The Yukon River is seen in Alaska.
The previous earliest breakup of the Tanana, a tributary of the Yukon River, was April 20, a mark reached in 1998 and 1940.
Another record-early thaw happened on Friday on the Kuskokwim River at the southwestern city of Bethel. The previous earliest ice-breakup date for the Kuskokwim Ice Classic was also April 20, in 2016. The Friday ice breakup was the earliest for that part of the Kuskokwim in 92 years of records kept by the National Weather Service.
At both rivers, records show that breakup has been happening, on average, about a week earlier since the 1960s, not counting this year's record thaws.
This year's breakups followed an extraordinarily warm Alaska winter with near-record-low ice in the Bering Sea and a record-hot March statewide.
The increasingly early melt reflects Alaska's long-term climate change, said Brian Brettschneider, a climate researcher with the University of Alaska Fairbanks' International Arctic Research Center.
"It's just another indicator of how Alaska is warming up," he said.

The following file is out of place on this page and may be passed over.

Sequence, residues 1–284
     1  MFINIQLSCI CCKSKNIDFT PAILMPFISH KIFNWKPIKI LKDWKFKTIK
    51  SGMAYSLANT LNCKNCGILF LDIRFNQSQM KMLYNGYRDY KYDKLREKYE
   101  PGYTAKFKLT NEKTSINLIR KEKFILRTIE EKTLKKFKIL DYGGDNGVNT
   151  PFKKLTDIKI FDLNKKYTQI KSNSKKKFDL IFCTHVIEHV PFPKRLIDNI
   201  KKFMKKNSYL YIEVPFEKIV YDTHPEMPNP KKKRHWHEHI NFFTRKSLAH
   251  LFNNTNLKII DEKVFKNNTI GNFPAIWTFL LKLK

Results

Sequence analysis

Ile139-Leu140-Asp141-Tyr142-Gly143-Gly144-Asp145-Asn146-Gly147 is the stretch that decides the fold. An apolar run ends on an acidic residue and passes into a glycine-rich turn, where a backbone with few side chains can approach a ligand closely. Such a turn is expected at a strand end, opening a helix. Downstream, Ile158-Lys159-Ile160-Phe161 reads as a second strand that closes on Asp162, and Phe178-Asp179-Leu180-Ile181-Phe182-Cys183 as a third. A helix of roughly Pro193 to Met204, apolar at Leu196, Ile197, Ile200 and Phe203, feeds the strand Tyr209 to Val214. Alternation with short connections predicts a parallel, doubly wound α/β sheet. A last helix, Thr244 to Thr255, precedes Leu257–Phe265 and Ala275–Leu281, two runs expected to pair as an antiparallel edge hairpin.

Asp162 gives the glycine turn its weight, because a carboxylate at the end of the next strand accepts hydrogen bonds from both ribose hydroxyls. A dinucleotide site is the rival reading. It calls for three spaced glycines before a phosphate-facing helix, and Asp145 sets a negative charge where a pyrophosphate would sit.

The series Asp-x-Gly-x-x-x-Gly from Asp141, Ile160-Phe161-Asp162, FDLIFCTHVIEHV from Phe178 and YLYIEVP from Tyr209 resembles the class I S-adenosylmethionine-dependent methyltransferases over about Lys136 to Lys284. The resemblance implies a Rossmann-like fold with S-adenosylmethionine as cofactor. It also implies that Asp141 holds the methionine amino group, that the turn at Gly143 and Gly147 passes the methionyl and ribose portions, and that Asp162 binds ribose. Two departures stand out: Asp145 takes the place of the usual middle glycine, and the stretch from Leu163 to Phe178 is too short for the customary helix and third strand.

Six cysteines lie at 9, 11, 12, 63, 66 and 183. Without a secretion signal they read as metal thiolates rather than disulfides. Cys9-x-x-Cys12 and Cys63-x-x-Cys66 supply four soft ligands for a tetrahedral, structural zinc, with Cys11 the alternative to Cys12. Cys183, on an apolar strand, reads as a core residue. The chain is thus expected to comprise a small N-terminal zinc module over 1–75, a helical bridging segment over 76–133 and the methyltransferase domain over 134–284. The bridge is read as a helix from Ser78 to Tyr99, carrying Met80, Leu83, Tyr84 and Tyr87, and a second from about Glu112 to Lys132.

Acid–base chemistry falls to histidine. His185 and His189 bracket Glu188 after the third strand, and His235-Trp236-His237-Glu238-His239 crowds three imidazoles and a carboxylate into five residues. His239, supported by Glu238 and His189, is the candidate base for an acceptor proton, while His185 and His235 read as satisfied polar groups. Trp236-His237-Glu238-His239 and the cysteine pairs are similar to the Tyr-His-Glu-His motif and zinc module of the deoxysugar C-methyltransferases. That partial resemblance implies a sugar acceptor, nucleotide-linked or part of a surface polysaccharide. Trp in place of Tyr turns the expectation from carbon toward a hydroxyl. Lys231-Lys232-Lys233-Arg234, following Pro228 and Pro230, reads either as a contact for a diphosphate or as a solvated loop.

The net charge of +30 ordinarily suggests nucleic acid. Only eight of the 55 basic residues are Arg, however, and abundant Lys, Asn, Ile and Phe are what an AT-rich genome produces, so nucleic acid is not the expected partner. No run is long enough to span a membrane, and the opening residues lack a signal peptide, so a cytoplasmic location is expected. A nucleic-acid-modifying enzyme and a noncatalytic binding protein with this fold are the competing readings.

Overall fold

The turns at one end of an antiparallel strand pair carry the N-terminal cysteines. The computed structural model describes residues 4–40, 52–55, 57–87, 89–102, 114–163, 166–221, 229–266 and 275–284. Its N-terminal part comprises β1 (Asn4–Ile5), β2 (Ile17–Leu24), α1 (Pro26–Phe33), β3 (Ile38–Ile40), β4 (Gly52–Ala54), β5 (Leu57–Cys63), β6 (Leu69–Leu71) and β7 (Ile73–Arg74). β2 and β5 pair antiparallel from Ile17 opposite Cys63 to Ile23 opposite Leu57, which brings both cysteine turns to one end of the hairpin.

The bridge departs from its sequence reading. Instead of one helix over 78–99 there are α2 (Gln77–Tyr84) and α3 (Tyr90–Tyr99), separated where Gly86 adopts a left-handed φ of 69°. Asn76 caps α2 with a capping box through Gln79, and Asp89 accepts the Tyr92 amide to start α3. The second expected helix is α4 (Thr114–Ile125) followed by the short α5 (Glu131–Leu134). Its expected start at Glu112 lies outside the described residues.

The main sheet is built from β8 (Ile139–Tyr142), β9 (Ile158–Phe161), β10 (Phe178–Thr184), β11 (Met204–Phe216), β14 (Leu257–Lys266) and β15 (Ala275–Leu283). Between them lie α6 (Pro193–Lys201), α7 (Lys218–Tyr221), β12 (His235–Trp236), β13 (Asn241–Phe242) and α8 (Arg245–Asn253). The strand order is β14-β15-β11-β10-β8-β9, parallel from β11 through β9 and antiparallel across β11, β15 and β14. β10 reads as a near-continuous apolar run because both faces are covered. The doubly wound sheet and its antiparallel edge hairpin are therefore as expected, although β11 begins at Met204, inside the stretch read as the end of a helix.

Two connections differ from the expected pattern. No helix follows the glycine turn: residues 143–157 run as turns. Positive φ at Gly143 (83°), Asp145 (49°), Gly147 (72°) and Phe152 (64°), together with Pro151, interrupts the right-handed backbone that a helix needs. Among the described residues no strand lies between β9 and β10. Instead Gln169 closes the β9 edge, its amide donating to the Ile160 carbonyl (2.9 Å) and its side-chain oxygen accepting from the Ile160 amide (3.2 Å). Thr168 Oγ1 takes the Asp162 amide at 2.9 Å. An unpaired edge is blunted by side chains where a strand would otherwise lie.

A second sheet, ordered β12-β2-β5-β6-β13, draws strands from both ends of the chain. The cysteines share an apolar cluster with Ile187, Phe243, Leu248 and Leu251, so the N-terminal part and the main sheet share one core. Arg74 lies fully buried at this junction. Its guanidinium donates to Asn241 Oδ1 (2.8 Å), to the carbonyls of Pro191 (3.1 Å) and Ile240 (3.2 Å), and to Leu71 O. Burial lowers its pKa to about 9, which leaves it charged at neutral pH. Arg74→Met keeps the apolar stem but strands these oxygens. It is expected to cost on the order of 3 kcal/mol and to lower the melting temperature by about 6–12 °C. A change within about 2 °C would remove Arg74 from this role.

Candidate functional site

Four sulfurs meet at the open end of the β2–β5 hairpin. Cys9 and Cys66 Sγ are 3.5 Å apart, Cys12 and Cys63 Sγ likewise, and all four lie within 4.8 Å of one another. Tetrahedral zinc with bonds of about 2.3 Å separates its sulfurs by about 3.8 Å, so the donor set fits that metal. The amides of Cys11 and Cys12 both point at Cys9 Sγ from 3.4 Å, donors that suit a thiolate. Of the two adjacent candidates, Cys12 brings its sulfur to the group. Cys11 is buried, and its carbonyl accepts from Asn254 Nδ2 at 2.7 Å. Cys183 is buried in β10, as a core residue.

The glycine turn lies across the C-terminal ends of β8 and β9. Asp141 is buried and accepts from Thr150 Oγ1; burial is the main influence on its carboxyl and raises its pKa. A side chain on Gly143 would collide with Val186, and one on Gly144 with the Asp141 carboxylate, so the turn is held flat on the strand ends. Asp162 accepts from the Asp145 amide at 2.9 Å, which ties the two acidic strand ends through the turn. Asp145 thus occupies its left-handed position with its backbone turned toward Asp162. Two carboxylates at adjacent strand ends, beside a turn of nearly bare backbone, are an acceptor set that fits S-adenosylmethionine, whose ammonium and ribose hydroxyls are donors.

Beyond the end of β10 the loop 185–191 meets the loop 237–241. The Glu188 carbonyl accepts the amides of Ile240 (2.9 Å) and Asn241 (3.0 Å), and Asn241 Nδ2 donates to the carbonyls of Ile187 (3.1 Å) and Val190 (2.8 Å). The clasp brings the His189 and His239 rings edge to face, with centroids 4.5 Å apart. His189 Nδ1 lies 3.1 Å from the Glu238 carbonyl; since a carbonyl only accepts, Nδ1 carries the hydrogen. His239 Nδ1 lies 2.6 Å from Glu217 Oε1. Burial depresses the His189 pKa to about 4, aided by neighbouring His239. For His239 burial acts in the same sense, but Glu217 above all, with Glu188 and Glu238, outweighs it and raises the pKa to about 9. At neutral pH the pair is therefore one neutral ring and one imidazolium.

More precisely, this year's early melt reflects the warm conditions that persisted over wide areas of Alaska, from mountain peaks to the open ocean, Brettschneider said.
"The condition of the ice is a proxy for what the climate has been like for the past five months or so," he said.
For rural Alaskans in communities that lack outside road access, changes in river ice can have dire consequences.
The rural and mostly indigenous residents use frozen rivers for travel, driving snowmobiles or other vehicles over them.
"If we're not able to travel on the river, we're all 100 percent dependent on air travel, which is hugely expensive," said Mark Leary, an official with a local Yupik tribal council.
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